I have a subscription to a very unique newspaper.
The Budget, published in Sugarcreek, Ohio since the 1890’s, consists mainly of hundreds of letters sent in by “scribes” from various Amish and Mennonite church settlements from around the world.
Reading these letters from the Plain people is always interesting and sometimes rather comforting. These scribes usually write about things like quilting frolics, or weddings, or how well their gardens are growing. Sometimes they’ll tell about sweet little happenings—like the letter about the five-year-old visitor last month who asked to watch the Amish farmer’s pigs eat. When the farmer’s wife asked why, the little girl said because she’d heard grownups talk about someone eating like a pig, and she wanted to see what that looked like!
In addition to all the letters, I sometimes get a kick out of reading the advertisements. In general, they are not like the advertisements one usually sees in non-Amish newspapers. This one in particular caught my eye:
This gentleman is making a living by offering flip phones with NO wi-fi, NO internet, NO Games. There is also an offer to disconnect camera and texting capabilities!
For those who might not know, in the past, most Amish churches did not allow telephones in their homes, but most did allow an outdoor telephone booth. The first time I went to Ohio Amish country, I was surprised to see all these little sheds at the end of Amish people’s driveways. They looked like old-fashioned outhouses to me, so my first thought was that the Amish were being awfully hospitable in providing handy toilets for passersby!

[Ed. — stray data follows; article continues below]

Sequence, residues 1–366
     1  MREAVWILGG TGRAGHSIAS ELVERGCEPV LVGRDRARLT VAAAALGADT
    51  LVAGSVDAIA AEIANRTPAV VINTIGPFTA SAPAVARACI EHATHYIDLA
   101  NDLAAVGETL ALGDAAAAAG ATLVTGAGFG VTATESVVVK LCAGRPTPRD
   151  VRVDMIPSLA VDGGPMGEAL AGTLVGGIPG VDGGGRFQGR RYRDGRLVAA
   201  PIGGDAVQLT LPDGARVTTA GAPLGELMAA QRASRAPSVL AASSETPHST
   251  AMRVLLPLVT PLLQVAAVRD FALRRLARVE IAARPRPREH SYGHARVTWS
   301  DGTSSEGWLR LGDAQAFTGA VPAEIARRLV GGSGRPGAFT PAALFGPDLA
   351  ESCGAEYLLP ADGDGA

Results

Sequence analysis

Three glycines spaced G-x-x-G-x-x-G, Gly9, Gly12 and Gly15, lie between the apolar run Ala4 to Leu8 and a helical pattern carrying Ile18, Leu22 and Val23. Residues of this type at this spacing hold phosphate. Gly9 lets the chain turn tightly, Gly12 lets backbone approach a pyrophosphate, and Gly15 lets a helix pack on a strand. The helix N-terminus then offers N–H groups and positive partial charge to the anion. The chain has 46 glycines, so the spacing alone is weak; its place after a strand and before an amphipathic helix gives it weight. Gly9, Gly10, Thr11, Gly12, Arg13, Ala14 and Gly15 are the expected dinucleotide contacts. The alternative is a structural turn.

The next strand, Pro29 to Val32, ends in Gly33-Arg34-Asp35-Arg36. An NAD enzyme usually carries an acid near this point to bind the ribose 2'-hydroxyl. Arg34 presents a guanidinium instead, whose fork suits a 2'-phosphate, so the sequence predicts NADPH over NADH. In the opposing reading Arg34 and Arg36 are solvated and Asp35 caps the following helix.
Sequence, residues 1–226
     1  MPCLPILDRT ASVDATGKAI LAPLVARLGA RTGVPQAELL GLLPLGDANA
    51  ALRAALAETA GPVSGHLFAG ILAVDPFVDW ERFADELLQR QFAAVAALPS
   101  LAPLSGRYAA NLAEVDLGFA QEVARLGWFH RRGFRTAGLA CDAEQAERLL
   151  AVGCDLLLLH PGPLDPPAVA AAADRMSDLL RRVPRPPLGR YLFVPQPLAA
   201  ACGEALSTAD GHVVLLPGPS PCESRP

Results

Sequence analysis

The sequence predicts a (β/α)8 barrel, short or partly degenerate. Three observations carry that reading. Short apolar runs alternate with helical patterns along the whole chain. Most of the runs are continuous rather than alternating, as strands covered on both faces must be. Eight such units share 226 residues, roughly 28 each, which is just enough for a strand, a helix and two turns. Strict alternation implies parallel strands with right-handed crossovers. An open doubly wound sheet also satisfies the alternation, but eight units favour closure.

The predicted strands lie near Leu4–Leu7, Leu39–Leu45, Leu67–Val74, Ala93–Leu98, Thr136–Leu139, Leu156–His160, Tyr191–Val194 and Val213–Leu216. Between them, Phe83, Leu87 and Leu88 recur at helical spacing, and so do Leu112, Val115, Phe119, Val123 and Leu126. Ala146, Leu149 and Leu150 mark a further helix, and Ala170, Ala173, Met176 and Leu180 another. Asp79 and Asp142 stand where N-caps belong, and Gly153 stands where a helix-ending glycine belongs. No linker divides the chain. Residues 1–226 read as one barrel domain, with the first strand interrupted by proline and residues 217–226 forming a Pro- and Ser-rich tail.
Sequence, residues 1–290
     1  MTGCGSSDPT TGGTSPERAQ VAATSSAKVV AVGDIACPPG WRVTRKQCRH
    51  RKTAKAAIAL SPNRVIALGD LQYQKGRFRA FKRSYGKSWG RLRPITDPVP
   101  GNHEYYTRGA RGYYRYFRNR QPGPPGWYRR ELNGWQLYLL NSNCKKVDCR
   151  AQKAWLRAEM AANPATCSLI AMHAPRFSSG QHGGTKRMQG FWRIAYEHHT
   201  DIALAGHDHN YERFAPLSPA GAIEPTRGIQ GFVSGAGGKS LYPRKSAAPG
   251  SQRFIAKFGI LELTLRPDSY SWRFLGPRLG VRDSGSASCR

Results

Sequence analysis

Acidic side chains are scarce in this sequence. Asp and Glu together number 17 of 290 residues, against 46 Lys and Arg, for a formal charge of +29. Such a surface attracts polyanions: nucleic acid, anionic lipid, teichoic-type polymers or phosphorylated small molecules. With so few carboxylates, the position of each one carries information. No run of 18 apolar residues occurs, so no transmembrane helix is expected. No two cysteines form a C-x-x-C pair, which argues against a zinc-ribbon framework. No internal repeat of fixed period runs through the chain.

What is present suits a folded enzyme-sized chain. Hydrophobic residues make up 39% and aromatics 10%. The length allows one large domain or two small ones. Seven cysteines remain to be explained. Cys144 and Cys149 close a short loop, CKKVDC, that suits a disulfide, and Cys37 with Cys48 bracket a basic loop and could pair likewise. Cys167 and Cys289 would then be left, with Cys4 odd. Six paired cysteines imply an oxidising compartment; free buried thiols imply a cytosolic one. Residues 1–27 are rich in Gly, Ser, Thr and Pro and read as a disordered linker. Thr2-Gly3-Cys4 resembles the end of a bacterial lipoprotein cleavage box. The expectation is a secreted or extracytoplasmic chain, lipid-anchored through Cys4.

It didn’t take long to discover that wasn’t the intended use. When I saw an Amish man wave at me while seated in one with the door open, I was a bit shocked until I saw that he was completely dressed and holding a telephone receiver to his ear.
However, a few years later, as I was interviewing Amish parents and grandparents for my book, More Than Happy: The Wisdom of Amish Parenting, I asked each person what they believed to be the greatest threat to their culture. Every person, without hesitation, said, “The picture phone!” (The Smartphone)
“Our people, if they have access to the picture phone, have access to every kind of evil!” was the lament of one Amish minister. He was quite blunt about his fears that his son (who was eighteen-years-old and had not yet joined the church) faced in being able to access pornography on his internet-connected cell phone.
In trying to deal with this threat to their culture, many church leaders minimize the potential damage by making certain a cell phone is only a phone and absolutely nothing more. The gentleman who placed this ad has apparently figured out a way to help the Amish church, while also making a living.
I hope he succeeds.